I have a Squire Strat (China) that has a neck pocket that appears to be incorrectly cut. The neck fits in the pocket not too loose or too tight, but it sits down into the body too far and at an angle that is messing with the action. I've shimmed it with a cut up bit of 3x5 card (folded so that it is 4 thicknesses), placed between the two forward screws. Set this way the action seems fine with the exception of the saddles adjusted almost all the way down and the screws in the saddles protruding to the point that they dig into your hand when playing. I removed the paper shim and replaced it with 2 washers (approx 1/16" thick). Restrung and tuned. The neck appears to be setting in the body more correctly and Iit necessitated raising the saddles all the way up. It plays, sounds more jangley, but is buzzing somewhere along the 8 to 10th fret.
The shims seem to be a functional cheap fix, but its limiting the contact between the neck and body. I wondering if over time if this is going to weaken and create a need for another repair (worn/pulled screwholes, or cracked body in or near the neck pocket). I'm considering trying to make a wedge shaped shim out of hardwood and using that instead.
It appears the neck pocket may have been cut too deeply. It also appears the end of the pocket nearest the bridge is deeper than the end toward the headstock, throwing the neck into a weird angle.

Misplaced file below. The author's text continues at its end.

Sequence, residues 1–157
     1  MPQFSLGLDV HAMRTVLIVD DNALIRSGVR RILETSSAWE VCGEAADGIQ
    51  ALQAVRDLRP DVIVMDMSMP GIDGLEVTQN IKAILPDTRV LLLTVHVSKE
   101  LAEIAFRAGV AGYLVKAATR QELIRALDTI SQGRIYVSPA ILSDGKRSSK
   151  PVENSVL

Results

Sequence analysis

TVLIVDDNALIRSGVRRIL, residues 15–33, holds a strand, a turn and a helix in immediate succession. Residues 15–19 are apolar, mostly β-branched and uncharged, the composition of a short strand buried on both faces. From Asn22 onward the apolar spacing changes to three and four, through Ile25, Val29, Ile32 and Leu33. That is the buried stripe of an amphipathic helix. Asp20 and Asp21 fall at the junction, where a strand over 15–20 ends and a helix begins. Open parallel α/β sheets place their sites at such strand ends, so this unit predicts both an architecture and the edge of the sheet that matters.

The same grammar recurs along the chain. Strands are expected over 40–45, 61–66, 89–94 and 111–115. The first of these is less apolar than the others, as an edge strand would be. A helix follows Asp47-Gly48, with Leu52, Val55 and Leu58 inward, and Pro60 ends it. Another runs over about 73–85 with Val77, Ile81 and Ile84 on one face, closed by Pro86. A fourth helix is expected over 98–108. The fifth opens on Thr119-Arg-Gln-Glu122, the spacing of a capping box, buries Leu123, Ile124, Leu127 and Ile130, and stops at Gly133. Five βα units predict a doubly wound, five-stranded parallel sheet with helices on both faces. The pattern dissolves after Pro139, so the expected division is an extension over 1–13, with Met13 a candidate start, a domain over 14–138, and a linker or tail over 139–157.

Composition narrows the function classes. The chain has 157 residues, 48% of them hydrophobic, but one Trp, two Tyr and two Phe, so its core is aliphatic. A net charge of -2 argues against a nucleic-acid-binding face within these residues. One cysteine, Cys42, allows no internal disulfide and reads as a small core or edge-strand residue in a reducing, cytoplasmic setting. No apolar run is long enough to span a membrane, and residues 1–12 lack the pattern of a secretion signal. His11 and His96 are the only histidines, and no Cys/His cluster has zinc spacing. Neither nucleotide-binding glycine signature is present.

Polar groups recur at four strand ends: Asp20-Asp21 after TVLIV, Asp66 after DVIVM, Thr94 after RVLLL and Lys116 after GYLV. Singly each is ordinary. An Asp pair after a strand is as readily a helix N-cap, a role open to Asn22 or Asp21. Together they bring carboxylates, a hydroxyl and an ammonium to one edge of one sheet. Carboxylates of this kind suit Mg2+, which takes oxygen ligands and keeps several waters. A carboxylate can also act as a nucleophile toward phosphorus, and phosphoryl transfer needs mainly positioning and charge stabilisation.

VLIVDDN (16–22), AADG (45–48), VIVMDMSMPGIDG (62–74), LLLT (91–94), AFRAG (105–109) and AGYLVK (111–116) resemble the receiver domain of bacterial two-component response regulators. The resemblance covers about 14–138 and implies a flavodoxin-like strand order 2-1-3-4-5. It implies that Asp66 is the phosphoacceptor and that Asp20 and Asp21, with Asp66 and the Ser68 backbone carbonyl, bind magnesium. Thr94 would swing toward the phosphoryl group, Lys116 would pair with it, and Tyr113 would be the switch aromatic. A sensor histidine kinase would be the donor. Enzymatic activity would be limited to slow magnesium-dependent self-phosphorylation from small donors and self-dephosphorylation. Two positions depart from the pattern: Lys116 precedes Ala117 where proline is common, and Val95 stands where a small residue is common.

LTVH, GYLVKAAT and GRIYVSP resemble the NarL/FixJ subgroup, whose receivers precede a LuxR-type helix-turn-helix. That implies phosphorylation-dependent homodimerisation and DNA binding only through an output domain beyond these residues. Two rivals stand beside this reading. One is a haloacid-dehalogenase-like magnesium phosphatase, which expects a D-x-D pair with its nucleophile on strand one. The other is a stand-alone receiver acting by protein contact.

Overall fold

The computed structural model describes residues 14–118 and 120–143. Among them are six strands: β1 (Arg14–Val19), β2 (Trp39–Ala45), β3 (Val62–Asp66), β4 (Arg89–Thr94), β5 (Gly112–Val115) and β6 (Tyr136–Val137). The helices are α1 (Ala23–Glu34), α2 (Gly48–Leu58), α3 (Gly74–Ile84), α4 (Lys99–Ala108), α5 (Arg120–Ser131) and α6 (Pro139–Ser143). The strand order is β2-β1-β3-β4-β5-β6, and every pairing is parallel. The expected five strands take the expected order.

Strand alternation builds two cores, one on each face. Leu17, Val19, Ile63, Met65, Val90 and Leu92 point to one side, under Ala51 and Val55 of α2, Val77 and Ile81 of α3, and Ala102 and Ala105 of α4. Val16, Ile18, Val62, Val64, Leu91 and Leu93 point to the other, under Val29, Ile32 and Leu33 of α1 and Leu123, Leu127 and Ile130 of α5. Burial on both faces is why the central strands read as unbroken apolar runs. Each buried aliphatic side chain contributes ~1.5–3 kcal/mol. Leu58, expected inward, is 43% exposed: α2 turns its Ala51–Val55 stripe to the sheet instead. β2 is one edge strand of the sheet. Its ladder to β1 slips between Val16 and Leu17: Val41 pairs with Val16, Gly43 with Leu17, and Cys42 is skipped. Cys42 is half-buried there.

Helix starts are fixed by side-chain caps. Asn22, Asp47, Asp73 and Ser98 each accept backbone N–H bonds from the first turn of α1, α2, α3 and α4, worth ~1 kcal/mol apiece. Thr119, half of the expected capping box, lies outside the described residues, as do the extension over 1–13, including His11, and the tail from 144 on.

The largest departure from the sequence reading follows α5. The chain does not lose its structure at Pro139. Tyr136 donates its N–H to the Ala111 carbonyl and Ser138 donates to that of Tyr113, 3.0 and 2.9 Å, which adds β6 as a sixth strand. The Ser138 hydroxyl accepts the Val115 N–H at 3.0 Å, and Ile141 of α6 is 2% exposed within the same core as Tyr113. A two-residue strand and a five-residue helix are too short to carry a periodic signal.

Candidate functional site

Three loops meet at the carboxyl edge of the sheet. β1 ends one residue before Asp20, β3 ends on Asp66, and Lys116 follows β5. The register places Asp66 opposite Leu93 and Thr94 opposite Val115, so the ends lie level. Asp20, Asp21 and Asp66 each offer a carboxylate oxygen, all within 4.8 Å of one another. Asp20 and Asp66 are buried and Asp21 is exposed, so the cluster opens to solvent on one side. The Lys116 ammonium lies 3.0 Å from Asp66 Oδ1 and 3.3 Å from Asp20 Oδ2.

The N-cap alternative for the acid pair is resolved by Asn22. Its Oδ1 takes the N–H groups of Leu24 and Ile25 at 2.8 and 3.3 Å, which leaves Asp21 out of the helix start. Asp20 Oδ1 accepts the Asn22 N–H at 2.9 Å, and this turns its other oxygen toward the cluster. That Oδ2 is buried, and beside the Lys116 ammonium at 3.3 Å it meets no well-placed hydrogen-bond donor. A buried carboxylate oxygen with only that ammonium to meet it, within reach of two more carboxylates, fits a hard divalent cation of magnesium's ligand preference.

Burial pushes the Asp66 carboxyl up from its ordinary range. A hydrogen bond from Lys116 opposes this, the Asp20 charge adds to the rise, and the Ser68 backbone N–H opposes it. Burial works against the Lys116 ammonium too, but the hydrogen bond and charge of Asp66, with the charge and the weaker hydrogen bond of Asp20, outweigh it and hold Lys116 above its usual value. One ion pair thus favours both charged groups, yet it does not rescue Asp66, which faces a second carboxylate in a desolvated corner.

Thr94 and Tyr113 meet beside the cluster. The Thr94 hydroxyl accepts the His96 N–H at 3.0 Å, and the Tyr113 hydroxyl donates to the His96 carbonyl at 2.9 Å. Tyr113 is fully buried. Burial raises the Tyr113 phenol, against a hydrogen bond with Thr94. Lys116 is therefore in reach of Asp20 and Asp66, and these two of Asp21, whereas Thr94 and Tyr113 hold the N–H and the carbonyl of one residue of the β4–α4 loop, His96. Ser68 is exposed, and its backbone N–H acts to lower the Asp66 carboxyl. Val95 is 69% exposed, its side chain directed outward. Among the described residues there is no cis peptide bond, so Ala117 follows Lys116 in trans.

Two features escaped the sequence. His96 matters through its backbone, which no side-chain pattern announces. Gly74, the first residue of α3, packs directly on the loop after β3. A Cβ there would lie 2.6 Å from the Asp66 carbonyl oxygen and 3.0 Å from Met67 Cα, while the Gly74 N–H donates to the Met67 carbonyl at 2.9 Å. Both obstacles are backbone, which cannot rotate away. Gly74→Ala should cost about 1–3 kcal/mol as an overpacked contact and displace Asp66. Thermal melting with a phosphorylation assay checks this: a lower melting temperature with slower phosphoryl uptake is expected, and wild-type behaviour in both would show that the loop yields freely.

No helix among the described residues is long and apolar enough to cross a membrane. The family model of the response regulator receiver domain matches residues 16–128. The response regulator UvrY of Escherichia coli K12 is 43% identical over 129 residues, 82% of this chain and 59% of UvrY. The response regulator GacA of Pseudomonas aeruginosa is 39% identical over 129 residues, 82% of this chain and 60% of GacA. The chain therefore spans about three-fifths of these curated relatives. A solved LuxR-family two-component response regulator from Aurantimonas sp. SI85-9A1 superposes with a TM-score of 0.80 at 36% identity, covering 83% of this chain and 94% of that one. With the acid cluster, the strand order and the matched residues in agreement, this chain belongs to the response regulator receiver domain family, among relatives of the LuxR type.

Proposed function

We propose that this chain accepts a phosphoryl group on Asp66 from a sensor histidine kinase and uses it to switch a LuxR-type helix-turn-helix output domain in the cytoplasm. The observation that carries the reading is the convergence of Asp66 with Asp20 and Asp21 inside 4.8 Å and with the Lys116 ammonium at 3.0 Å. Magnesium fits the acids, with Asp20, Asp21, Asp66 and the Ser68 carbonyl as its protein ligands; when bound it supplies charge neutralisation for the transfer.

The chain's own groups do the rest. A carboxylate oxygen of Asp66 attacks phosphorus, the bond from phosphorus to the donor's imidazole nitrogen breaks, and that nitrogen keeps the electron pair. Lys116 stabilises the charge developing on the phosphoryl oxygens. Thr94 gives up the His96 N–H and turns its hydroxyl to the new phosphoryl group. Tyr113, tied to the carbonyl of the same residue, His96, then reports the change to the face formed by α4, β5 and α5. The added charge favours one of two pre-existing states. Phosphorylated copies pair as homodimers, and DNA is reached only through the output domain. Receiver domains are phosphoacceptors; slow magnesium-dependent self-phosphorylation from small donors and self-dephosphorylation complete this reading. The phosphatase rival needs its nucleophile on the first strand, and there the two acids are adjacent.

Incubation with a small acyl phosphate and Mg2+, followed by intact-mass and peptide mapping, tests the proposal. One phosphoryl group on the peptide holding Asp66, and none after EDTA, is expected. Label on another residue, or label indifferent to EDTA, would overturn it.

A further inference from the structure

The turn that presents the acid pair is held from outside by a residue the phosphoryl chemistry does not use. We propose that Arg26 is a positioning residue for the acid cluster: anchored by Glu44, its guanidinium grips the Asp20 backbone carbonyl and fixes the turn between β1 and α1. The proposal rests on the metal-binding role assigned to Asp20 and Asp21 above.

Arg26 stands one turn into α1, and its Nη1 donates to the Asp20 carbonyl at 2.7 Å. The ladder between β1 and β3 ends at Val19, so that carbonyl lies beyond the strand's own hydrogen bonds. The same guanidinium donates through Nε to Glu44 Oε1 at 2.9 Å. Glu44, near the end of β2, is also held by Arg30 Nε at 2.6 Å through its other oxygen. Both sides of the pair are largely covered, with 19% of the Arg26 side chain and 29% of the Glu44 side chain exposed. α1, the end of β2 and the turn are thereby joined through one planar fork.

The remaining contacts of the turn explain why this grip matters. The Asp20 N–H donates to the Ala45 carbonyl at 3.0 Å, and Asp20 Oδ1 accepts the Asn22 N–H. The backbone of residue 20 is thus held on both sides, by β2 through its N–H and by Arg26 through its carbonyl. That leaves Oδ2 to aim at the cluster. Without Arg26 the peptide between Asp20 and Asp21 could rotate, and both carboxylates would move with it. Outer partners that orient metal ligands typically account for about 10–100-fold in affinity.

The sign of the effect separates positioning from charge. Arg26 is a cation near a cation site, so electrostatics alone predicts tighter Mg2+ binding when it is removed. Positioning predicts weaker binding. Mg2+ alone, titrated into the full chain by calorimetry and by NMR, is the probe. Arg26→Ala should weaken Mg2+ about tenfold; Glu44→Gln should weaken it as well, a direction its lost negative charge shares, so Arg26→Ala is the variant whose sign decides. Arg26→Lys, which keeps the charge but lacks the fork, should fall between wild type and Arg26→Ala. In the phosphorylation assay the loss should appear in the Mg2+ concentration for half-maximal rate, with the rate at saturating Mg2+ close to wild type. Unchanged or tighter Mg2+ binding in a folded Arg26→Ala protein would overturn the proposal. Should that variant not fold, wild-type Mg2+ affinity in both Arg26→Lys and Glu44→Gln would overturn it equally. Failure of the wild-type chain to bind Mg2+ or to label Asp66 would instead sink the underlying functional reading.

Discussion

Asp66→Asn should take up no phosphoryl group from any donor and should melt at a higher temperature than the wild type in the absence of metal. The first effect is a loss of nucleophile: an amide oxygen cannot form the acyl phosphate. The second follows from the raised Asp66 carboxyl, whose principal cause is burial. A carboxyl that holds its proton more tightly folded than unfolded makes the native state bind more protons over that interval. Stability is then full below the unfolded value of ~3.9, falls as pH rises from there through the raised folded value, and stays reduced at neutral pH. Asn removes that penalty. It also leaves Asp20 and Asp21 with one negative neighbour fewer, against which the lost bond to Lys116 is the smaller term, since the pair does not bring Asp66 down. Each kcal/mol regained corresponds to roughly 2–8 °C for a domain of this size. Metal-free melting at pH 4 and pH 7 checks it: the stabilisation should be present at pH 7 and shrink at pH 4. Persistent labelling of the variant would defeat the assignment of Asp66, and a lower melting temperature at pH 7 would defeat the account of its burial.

Is there a better way to go about dealing with this particular problem?
I recommend using guitar picks. you've already determined one shim ain't enough and the other is too much. Use the picks until you get the angle where you want it. You can stack them however thick you need to make it right. Once you have it the way you want it, mix up some 2 part epoxy putty. Cut 1/8' wide strips of the picks and lay them in the pocket as close to the body as you can. Build up the area with the epoxy putty and bolt your neck into place with it wrapped in cellophane. Leave it overnite, loosening and re torqueing the screws a few times so the don't get epoxied in place. When you remove the wrap and bolt the neck it place, you're done. BTW it's not uncommon to need shims in the neck pocket. Won't hurt a damn thang.
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